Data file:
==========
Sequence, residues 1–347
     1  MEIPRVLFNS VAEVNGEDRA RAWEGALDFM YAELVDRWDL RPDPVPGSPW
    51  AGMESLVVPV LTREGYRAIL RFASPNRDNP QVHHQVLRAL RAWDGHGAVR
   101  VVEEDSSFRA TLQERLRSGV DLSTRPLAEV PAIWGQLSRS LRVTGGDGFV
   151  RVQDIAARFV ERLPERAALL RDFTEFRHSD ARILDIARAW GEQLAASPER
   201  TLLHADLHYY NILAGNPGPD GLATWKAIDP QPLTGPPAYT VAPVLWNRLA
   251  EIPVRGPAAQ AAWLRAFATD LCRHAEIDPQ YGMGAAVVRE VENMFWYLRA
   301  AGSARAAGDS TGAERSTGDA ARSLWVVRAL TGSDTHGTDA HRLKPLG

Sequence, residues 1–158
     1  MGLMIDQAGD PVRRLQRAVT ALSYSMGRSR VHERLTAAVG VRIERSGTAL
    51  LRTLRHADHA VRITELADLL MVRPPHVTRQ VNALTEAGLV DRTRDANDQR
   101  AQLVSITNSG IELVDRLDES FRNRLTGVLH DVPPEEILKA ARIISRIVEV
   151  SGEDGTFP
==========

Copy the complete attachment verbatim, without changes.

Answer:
Sequence, residues 1–347
     1  MEIPRVLFNS VAEVNGEDRA RAWEGALDFM YAELVDRWDL RPDPVPGSPW
    51  AGMESLVVPV LTREGYRAIL RFASPNRDNP QVHHQVLRAL RAWDGHGAVR
   101  VVEEDSSFRA TLQERLRSGV DLSTRPLAEV PAIWGQLSRS LRVTGGDGFV
   151  RVQDIAARFV ERLPERAALL RDFTEFRHSD ARILDIARAW GEQLAASPER
   201  TLLHADLHYY NILAGNPGPD GLATWKAIDP QPLTGPPAYT VAPVLWNRLA
   251  EIPVRGPAAQ AAWLRAFATD LCRHAEIDPQ YGMGAAVVRE VENMFWYLRA
   301  AGSARAAGDS TGAERSTGDA ARSLWVVRAL TGSDTHGTDA HRLKPLG

Sequence, residues 1–158
     1  MGLMIDQAGD PVRRLQRAVT ALSYSMGRSR VHERLTAAVG VRIERSGTAL
    51  LRTLRHADHA VRITELADLL MVRPPHVTRQ VNALTEAGLV DRTRDANDQR
   101  AQLVSITNSG IELVDRLDES FRNRLTGVLH DVPPEEILKA ARIISRIVEV
   151  SGEDGTFP